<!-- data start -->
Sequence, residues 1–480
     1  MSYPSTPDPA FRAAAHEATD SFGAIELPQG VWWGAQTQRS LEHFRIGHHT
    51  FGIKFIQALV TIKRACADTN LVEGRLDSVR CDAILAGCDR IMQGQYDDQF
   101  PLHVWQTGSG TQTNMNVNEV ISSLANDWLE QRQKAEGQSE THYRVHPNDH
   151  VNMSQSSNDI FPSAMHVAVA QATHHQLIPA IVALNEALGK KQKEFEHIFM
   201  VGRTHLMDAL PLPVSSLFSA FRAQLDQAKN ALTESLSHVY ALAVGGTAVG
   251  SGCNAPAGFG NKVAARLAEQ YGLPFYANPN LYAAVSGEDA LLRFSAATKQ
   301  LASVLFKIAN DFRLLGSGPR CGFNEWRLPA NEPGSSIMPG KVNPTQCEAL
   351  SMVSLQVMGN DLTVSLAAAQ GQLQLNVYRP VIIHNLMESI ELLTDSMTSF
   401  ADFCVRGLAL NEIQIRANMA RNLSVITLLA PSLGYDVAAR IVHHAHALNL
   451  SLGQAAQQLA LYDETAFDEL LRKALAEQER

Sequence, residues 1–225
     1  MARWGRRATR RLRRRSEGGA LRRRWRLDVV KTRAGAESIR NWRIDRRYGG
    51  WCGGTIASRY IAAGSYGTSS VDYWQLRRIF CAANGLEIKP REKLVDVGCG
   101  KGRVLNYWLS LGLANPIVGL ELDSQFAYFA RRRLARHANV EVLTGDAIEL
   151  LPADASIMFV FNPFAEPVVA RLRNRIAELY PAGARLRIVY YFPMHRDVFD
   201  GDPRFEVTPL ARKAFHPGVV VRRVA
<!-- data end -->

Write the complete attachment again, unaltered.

Sequence, residues 1–480
     1  MSYPSTPDPA FRAAAHEATD SFGAIELPQG VWWGAQTQRS LEHFRIGHHT
    51  FGIKFIQALV TIKRACADTN LVEGRLDSVR CDAILAGCDR IMQGQYDDQF
   101  PLHVWQTGSG TQTNMNVNEV ISSLANDWLE QRQKAEGQSE THYRVHPNDH
   151  VNMSQSSNDI FPSAMHVAVA QATHHQLIPA IVALNEALGK KQKEFEHIFM
   201  VGRTHLMDAL PLPVSSLFSA FRAQLDQAKN ALTESLSHVY ALAVGGTAVG
   251  SGCNAPAGFG NKVAARLAEQ YGLPFYANPN LYAAVSGEDA LLRFSAATKQ
   301  LASVLFKIAN DFRLLGSGPR CGFNEWRLPA NEPGSSIMPG KVNPTQCEAL
   351  SMVSLQVMGN DLTVSLAAAQ GQLQLNVYRP VIIHNLMESI ELLTDSMTSF
   401  ADFCVRGLAL NEIQIRANMA RNLSVITLLA PSLGYDVAAR IVHHAHALNL
   451  SLGQAAQQLA LYDETAFDEL LRKALAEQER

Sequence, residues 1–225
     1  MARWGRRATR RLRRRSEGGA LRRRWRLDVV KTRAGAESIR NWRIDRRYGG
    51  WCGGTIASRY IAAGSYGTSS VDYWQLRRIF CAANGLEIKP REKLVDVGCG
   101  KGRVLNYWLS LGLANPIVGL ELDSQFAYFA RRRLARHANV EVLTGDAIEL
   151  LPADASIMFV FNPFAEPVVA RLRNRIAELY PAGARLRIVY YFPMHRDVFD
   201  GDPRFEVTPL ARKAFHPGVV VRRVA